'But such is the quality of the man that he stood by his decision to retire and he did that on a high and in the way which his class reflected and the way in which I believe he would have liked all rugby loving people to remember him.

'JK, success in all your doings, future plans and dreams you still aspire to achieve! Your journey has truly been an amazing and inspiring one and I am genuinely so honoured and pleased that I could have played a tiny part in it.

'God bless you my friend.'

Dan de Villiers

Dan: 'It is good for us to acknowledge and congratulate Jonathan Kaplan on his appointment to referee in this year's Currie Cup Final. It was his sixth; only André Watson has refereed more. This was a just reward for a lifetime of service to the game, and what made it even more noteworthy was the fact that he retired from top-flight refereeing at the end of the game.

'Jonathan leaves professional refereeing at a high point of a long and distinguished career, still the most capped Test referee with 70 matches under his belt.

'We are honoured to have a referee of his calibre in our Society and I am sure that we have not seen of heard the last of this man in Western Province.'

Stephen Meintjes

Stephen: 'Jonathan Kaplan – one of the finest rugby referees that the world has seen, a man who in his illustrious career has broken every record achievable and has set new levels for young and aspiring referees to attain.

'But that is not what his career was about. On many a Saturday one would find Jonathan refereeing either a schoolboy game in the morning or a club game in the afternoon.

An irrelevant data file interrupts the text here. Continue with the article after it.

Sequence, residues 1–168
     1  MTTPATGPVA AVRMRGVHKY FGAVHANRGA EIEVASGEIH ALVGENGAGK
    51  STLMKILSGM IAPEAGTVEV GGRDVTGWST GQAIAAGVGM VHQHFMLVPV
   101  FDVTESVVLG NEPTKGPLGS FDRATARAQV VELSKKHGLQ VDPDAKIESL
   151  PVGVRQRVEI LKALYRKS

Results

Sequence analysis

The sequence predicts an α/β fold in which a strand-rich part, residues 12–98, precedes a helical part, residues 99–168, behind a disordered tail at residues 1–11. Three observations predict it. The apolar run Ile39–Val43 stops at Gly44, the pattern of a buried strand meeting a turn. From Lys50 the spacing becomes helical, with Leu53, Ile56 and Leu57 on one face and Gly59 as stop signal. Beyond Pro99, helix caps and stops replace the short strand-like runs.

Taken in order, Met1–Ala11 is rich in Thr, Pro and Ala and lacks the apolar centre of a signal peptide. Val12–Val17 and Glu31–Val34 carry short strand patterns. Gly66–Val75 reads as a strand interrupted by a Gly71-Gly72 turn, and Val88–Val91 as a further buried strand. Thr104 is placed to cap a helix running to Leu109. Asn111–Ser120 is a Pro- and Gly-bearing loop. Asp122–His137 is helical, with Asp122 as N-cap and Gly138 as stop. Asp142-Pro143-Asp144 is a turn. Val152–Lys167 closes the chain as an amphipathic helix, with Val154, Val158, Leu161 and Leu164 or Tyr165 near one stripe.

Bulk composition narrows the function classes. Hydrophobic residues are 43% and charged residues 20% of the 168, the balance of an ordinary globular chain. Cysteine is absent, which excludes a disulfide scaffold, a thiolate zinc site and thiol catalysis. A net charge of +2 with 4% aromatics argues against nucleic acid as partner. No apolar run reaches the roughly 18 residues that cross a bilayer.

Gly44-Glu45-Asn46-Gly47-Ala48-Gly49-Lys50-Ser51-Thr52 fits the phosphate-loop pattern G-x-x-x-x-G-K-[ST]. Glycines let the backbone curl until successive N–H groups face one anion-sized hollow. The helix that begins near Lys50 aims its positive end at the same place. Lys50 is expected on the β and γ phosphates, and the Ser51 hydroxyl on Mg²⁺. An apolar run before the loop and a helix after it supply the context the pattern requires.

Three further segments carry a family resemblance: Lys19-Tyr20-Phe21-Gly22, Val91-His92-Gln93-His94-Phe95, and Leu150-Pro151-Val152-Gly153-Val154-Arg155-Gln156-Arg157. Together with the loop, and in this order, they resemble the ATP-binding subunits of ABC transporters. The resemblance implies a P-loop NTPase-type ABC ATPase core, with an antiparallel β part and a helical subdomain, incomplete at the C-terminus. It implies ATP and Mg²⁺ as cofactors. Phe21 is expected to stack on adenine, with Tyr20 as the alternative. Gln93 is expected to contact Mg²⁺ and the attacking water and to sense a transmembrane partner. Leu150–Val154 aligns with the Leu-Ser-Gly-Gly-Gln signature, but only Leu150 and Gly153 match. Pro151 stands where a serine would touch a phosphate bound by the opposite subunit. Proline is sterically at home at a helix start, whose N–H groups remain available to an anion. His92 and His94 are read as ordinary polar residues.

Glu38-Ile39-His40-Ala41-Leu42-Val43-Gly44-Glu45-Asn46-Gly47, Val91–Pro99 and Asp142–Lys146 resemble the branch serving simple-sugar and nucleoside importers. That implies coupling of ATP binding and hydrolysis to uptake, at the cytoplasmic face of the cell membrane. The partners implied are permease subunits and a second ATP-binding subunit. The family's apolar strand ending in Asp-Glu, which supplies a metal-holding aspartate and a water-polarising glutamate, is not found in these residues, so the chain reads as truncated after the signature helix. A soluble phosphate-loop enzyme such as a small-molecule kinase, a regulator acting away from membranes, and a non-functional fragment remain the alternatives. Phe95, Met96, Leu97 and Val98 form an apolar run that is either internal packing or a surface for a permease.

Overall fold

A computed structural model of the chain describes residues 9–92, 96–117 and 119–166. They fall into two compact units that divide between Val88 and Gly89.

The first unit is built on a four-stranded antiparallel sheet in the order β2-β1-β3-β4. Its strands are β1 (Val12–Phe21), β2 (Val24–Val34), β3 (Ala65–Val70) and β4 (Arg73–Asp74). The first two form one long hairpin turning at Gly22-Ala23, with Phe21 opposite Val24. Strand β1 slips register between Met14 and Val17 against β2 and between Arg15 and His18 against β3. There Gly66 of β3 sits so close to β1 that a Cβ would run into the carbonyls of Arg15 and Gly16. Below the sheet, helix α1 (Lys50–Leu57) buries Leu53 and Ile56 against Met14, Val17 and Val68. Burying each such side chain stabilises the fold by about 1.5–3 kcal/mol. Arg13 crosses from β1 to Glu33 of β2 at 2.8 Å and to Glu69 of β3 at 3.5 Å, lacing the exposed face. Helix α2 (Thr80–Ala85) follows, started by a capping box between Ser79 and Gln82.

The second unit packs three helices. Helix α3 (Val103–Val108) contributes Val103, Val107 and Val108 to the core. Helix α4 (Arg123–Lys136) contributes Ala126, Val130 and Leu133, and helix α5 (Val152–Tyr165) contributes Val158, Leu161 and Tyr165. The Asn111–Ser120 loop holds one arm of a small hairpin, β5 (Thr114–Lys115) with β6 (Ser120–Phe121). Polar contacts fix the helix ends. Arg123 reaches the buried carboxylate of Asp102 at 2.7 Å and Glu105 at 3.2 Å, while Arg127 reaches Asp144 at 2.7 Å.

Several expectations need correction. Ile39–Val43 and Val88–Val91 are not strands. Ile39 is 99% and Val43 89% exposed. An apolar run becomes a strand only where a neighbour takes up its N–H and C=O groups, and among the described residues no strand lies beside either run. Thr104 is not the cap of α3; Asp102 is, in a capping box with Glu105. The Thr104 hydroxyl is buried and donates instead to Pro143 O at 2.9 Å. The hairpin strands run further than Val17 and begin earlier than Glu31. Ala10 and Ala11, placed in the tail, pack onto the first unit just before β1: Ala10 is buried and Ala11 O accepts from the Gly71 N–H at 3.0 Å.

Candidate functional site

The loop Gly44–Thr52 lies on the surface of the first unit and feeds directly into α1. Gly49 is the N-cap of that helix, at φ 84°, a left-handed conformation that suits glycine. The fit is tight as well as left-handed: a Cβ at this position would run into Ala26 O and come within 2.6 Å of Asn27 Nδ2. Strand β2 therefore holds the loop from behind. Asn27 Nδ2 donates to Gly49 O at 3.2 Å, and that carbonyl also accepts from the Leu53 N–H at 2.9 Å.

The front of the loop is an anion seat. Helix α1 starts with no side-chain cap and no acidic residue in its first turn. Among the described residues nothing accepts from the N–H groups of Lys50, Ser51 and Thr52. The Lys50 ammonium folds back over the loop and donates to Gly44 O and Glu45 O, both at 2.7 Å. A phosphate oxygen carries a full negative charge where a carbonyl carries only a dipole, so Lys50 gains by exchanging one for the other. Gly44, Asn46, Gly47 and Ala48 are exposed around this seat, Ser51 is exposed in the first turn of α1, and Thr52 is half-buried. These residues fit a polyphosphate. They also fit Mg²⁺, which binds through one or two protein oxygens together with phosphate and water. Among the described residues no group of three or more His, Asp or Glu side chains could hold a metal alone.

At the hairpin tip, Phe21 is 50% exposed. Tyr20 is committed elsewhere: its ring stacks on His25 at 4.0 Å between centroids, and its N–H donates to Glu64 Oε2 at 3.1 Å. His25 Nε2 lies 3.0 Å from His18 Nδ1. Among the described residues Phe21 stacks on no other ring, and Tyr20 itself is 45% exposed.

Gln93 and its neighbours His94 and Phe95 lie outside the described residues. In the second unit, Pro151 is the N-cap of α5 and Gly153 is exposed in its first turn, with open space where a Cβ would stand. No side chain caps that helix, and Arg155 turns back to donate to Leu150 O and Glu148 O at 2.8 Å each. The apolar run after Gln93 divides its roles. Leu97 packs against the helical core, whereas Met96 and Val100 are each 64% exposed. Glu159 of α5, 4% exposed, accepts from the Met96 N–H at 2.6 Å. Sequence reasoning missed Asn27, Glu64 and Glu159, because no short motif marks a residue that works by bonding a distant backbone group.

This is what “Kappers” brought to the game. His belief and ambition to participate in improving the game from grassroots level, I believe, is what drove his desire to referee at every possible opportunity irrespective of the level of seniority of the game. And what better way for the rugby playing world to achieve this than by having a referee of his ability and skills to do so. In this way he gave of his experience and knowledge back to the game and to all involved from players, spectators, parents and more importantly to other referees.

'Another side of him not known to all, is the special level of friendship that he fostered with many. I will never forget the many hours that we spent in conversation whether over a cup of coffee or on the phone, discussing the game in its broadest manner, the administration of the game and of refereeing, and more importantly on non- rugby related matters. He was a role model to many up and coming referee, always willing to answer questions that they had and to guide and assist them solve technical problems that they encountered on the field.

'It is extremely difficult to pay tribute to a man whose refereeing career has spanned 30 years, and included three IRB Rugby World Cups. We can only salute him for this remarkable achievement and for what he has “ploughed back into the game!”

'Jonny, many thanks for the years of friendship from the touch lines at the many club games in the late 1980’s where we stood together watched and discussed club games and refereeing them, through to 2013 where we figuratively “stood on the touchlines of the game” still watching and discussing the art of refereeing together.

'Thank you for the years of friendship, advice and support.' advert